Each week we’ll take a step back into the history of Great Bend through the eyes of reporters past. We’ll reacquaint you with what went into creating the Great Bend of today, and do our best to update you on what “the rest of the story” turned out to be.
Twenty years ago, the hunt was on for a domestic terrorist. After David Gelernter lost the sight from one eye, the hearing from one ear, and part of his right hand after receiving a mailbomb from the self-named Unabomber, the hunt was on in earnest. Luckily, it didn’t take long for the disturbed man’s brother, David Kaczynski, to make the connection to his brother’s odd rantings and turn him in to the authorities. Let no good deed go unpunished though. Talk Show host David Letterman joked, “In the same family, you have the Unabomber and the Unasnitch.”
This was also the week the Late Night host made his last appearance on NBC-TV. He would take two months off and then return to television in August of 1993 on CBS-TV.
While it was hardly local news, Letterman’s move was commented on in the Great Bend Tribune more than the apprehension of an Arab terror group which planned to bomb the Holland/Lincoln Tunnels in New York, or the U.S. launching a missile attack on Baghdad intelligence headquarters in retaliation for a thwarted assassination attempt against former President George H.W. Bush. It also rated higher locally than the announcement that actress Julia Roberts and country singer Lyle Lovett wed, or that Don Henley’s humor wasn’t appreciated by his Milwaukee audience when he dedicated the song “It’s Not Easy Being Green” to then President Bill Clinton.
Susan Thacker, then a newly hired reporter for the Tribune wrote, “Doesn’t anyone at CBS worry that “Late Show” could be an expensive flop? That giant doorknobs and velcro suits are less funny at 10:30 p.m., when viewers are still awake and there’s other stuff to watch?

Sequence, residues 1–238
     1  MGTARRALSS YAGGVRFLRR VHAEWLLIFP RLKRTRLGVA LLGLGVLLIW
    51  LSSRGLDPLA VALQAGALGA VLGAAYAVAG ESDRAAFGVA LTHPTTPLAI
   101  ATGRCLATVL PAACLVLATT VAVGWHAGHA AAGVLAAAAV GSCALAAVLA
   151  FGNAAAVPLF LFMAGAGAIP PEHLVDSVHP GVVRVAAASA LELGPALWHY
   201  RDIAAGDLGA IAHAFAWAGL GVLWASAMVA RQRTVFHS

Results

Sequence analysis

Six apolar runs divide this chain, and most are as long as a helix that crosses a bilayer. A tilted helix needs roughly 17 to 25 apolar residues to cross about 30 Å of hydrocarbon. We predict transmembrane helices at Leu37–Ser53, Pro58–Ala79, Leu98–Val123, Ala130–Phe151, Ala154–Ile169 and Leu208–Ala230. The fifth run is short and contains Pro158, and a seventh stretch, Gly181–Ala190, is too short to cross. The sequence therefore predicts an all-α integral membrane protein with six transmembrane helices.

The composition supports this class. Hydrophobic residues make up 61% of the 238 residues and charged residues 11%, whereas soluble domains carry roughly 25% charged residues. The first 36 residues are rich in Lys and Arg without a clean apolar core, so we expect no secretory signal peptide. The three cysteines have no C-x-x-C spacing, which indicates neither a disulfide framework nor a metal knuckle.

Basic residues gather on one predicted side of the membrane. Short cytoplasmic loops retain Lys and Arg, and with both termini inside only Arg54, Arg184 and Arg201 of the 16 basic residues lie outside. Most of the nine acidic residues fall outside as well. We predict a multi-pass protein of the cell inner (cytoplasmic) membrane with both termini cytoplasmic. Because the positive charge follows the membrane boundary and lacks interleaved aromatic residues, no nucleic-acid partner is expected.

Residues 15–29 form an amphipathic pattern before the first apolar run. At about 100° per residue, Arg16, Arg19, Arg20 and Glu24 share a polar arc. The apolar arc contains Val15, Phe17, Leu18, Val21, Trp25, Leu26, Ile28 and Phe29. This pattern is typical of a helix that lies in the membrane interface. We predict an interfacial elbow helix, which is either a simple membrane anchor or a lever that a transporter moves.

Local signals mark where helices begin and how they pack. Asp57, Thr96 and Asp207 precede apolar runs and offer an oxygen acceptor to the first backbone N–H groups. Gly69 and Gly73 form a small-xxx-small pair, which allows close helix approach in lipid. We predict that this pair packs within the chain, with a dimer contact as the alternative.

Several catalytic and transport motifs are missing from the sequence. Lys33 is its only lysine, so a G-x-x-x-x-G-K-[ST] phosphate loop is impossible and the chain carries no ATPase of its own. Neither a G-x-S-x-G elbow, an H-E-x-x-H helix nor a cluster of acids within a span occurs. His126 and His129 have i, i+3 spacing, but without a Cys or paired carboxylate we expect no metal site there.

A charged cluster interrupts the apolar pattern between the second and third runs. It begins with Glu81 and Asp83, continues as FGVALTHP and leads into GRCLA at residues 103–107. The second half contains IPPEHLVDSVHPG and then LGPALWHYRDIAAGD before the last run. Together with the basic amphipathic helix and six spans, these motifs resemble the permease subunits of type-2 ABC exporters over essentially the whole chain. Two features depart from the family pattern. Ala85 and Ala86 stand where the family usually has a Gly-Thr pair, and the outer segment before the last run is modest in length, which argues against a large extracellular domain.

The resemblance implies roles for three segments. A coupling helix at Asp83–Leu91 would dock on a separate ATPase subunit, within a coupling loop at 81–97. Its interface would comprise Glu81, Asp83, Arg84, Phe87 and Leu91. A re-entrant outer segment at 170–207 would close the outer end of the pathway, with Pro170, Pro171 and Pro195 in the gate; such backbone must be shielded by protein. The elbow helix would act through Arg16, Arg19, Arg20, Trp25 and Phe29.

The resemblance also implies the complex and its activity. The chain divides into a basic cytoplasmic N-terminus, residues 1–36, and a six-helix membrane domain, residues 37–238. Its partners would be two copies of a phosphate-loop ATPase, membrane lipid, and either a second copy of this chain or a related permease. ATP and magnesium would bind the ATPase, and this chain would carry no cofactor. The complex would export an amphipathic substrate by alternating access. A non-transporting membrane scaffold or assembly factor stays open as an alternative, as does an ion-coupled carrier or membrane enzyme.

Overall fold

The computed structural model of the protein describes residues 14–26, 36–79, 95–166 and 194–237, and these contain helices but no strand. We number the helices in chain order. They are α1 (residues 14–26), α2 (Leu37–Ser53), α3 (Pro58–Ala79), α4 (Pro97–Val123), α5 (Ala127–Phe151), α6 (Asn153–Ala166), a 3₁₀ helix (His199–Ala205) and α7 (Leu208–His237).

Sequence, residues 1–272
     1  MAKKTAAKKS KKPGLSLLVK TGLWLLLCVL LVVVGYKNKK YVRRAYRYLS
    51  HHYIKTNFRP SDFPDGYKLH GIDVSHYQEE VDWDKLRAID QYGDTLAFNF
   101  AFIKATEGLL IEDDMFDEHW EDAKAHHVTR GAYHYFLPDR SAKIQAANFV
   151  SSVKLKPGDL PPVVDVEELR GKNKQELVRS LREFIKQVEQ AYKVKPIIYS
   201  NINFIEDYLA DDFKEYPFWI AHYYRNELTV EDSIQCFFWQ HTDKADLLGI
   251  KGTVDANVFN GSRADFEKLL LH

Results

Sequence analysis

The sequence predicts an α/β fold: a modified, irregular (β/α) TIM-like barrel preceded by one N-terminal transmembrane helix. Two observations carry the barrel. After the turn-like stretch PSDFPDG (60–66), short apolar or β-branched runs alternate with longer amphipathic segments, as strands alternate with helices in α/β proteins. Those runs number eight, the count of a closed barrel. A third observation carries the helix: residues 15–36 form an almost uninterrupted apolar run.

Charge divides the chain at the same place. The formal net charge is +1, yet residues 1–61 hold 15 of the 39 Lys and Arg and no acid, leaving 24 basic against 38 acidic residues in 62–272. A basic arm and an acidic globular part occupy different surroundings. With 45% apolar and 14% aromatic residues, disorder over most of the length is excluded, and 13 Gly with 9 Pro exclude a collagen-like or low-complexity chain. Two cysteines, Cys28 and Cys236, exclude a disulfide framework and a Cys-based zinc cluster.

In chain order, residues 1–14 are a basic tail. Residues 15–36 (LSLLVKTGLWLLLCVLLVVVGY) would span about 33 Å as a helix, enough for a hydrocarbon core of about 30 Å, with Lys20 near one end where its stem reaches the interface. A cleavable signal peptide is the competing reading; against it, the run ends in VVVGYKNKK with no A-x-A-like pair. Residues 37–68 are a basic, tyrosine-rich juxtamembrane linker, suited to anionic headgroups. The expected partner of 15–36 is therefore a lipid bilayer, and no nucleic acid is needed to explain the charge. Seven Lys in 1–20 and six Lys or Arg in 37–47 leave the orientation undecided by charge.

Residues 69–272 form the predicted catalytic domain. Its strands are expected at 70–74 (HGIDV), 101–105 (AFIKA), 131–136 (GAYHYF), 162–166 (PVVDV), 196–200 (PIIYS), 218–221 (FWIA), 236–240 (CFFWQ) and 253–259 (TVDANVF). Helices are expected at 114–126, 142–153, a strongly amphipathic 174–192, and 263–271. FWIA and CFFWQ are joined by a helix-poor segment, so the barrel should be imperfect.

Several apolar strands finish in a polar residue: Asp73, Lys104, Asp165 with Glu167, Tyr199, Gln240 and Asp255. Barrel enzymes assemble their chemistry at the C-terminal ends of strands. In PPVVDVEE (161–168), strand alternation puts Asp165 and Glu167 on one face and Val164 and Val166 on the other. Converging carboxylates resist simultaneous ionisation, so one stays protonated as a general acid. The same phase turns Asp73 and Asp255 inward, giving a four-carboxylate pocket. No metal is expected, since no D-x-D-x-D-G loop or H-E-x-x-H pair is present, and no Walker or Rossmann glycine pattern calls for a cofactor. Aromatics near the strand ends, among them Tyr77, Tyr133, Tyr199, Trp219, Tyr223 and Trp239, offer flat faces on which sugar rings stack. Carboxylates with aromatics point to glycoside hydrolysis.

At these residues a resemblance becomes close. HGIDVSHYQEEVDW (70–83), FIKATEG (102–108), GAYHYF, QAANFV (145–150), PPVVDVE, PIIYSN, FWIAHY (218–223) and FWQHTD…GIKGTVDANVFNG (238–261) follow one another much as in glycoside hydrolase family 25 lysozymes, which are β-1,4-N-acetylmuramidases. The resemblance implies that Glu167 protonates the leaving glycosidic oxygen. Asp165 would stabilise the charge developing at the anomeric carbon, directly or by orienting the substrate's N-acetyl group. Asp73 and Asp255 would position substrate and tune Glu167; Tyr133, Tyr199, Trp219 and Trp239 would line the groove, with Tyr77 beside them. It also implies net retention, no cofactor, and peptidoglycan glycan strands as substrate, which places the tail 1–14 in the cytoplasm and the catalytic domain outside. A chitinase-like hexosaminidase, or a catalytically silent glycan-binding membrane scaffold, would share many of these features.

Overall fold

“Not Dave. As he’s quoted saying in the latest issue of Entertainment Weekly, “You ain’t dealin’ with no monkey here.” If you’re reading this at 11:30 p.m., I bet it’s hilarious.”
While she has many memories of watching Letterman in college, Thacker doesn’t watch him today. Not a cable subscriber, it’s hard to tune in CBS in the Great Bend area, it turns out.
The paper spotlighted Walter Disque of Claflin, owner of a classic truck which outperformed two competitors with much more expensive vehicles to take home two first-place trophies from Truckin’ Magazine’s National Showtime ‘93. Disque, a farmer in northern Barton County, took his yellow 1947 Crosley pickup with red wheels to the competition in Springfield, MO, with the goal of getting exposure for the truck, he said he was surprised to to win the trophies and drive away the number four vehicle in the show.
The Crosley was a truck before it’s time. Manufactured in an era when big trucks were the thing, the Crosley was more a mini-truck.
“Disque--and his family--spent over three years restoring his little yellow pick-up, consulting service manuals obtained from the Crosley Car Club in order to keep everything authentic,” wrote Rebecca Peak, Tribune staff writer. The truck was purchased new in 1947 for $925.41. He bought it in Stillwater, Okla. for $400, and put $1,600 into the restoration. His wife, Joyce, did the upholstery, while he and the kids did the labor. The truck got 35-50 miles per gallon and could travel up to 50 mph.
The Disque’s still live in Claflin, but could not be reached for comment. We hope they’ll call back and let us know what happened to the truck, and if it won any other awards.
Chuck Smith, editor of the Tribune, wrote about the second generation of Burnett’s making waves in the area--air waves that is. In the story “Patrick Burnett follows in his father’s airwaves,” Smith wrote about how the 12 year-old was already helping dad with his morning radio show.
Abram Burnett started taking his son to work so the two could spend time together, but during a period when his dad had health concerns, Patrick took over the show for a while.
“While the early days on rdio caused Patrick some nervousness, he’s an old pro now, he notes. “I even had to do live commercials. I’m not nervous now, because I’m used to it.”
“I really enjoy it,” he added. “It’s something I look forward to all week.”
Patrick Burnett is still listed on the program line up at KVGB AM, the station he got his start at more than 20 years ago. He can be heard from 6:00 to 8:00 a.m. on The Early Morning Show with Patrick Burnett, where he covers news, weather, sports, farm markets and “too tough trivia”.